Canadian participation in Carter Center projects was an exercise in quiet diplomacy, but those of us inside the organization were well aware of it. Indeed, The Carter Center’s Latin American and Caribbean Program changed its name, becoming the Americas Program, in recognition of its intensifying engagement with Canadians to promote democracy in the hemisphere. This notably included a joint project with the nongovernmental Canadian Foundation for the Americas (FOCAL) and the University of Calgary to create geospatial maps of media coverage in Latin America and Canada. The electronic maps helped election authorities and civil society groups understand which areas of their country were receiving vital information about elections via the media as well as how much money each candidate was spending on the media in an electoral district. Canada was among the first countries mapped. Another new Carter Center project sought to increase transparency in the Americas by fostering better access to information. Canada’s experience was among the first that The Carter Center studied as that project developed, because the careful balance between Canada’s Access to Information and Privacy Acts was instructive.
President Carter had a warm relationship with former Prime Minister Pierre Trudeau and was invited to become a pallbearer at his funeral in Montreal. So was Fidel Castro, and as they walked together, Castro leaned over and asked Carter why he had not visited Cuba after leaving the White House. Carter replied that he had not been invited. Soon thereafter an invitation arrived, and in 2002, Jimmy Carter would become the first US president, former or current, to have visited the island since the 1959 revolution. That encounter in Montreal between Castro and Carter could never have occurred in the United States, where Castro could not travel absent normal diplomatic relations between the US and Cuba. Canada was neutral ground. When Carter reached Havana, he gave a celebrated speech highlighting the Varela Project’s work to nurture human rights and democracy on the island. He also called on the United States to end its trade embargo against Cuba, which remains a point of divergence in the foreign policies of Canada and the United States.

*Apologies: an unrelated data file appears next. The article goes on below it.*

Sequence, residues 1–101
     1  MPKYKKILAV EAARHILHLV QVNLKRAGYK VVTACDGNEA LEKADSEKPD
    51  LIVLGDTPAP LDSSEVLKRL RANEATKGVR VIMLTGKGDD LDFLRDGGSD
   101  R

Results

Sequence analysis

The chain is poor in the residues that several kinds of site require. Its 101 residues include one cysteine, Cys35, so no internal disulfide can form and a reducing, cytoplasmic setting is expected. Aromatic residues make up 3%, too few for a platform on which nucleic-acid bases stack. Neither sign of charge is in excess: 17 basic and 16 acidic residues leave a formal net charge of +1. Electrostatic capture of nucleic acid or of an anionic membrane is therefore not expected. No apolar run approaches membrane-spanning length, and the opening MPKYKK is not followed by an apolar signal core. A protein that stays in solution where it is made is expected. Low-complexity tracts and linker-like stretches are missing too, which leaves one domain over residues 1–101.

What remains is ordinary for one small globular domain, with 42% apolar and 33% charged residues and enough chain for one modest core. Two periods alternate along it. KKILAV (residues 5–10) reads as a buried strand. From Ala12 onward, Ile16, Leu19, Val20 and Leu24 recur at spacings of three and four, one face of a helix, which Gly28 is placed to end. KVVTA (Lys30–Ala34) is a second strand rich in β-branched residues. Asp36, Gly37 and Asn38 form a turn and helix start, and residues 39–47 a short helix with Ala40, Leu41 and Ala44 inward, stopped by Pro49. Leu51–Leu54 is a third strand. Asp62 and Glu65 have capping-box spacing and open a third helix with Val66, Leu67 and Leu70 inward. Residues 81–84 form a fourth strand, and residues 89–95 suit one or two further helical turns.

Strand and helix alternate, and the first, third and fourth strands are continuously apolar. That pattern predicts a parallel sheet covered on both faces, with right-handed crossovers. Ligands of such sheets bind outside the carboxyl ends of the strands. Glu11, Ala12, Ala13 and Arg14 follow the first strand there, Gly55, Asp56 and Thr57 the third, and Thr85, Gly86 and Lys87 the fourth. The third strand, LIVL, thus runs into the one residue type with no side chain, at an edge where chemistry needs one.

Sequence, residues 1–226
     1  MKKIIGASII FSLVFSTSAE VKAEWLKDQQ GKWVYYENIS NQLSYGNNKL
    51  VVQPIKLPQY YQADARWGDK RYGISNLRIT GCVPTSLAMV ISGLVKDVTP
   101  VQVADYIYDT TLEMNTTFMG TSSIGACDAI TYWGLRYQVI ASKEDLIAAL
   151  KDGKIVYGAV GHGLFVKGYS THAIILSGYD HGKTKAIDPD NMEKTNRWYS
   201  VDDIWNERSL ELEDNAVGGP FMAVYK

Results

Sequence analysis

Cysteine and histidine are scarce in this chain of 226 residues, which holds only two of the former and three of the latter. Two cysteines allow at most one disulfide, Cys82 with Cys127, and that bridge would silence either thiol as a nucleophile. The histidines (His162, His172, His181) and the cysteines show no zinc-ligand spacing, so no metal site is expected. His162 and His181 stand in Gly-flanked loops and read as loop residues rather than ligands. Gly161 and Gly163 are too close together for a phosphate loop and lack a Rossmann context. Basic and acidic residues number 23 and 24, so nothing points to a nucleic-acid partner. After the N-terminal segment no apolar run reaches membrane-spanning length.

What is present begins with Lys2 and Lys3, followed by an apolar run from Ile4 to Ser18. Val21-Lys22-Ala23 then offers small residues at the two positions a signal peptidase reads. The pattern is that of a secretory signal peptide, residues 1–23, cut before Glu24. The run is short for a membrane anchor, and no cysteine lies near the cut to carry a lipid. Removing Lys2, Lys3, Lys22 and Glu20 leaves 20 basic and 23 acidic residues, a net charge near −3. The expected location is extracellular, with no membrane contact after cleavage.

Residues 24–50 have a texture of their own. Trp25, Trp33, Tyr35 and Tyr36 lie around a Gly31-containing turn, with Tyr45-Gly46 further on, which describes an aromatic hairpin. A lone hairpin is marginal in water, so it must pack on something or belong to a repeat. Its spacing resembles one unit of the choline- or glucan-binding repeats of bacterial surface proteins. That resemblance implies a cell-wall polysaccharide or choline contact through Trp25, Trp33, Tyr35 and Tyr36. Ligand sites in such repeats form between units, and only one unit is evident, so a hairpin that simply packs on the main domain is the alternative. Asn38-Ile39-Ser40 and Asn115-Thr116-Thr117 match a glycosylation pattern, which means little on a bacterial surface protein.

There were countless other Canadians whom I remember supporting The Carter Center’s work – a quick count expert who offered our election observation missions informal advice, a university professor who guided us in determining which democracy measurement tools were reliable, a conflict resolution expert who headed The Carter Center’s peacemaking initiatives for a time, an economist who briefed Carter before his trip to Cuba, and the friendly staff at the Consulate General of Canada in Atlanta, to mention a few.
To be sure, the relationship was not entirely tension free. In 2014, former President Carter and other Nobel Prize winners sent a letter to then-President Barack Obama calling on him to reject the Keystone XL oil pipeline, slated to stretch from Alberta to Texas. Carter also published a critique of Canadian softwood lumber exports to the United States, saying they were traded unfairly, even going so far as to agree with President Trump’s decision to impose anti-subsidy duties on them.
But what stands out in this little-known history of lengthy collaboration between Jimmy Carter and Canadians through The Carter Center is that they shared democratic values and a deeply ingrained civic consciousness. Their democracy promotion efforts improved the lives of millions of people in the Western Hemisphere, and despite later reversals for democracy in some countries it was well worth doing.
Shelley McConnell served as Senior Associate Director of the Americas Program at The Carter Center from 1997 to 2007 and is now Associate Professor of Government at St. Lawrence University in Canton, New York. Photo: Courtesy of The Carter Center.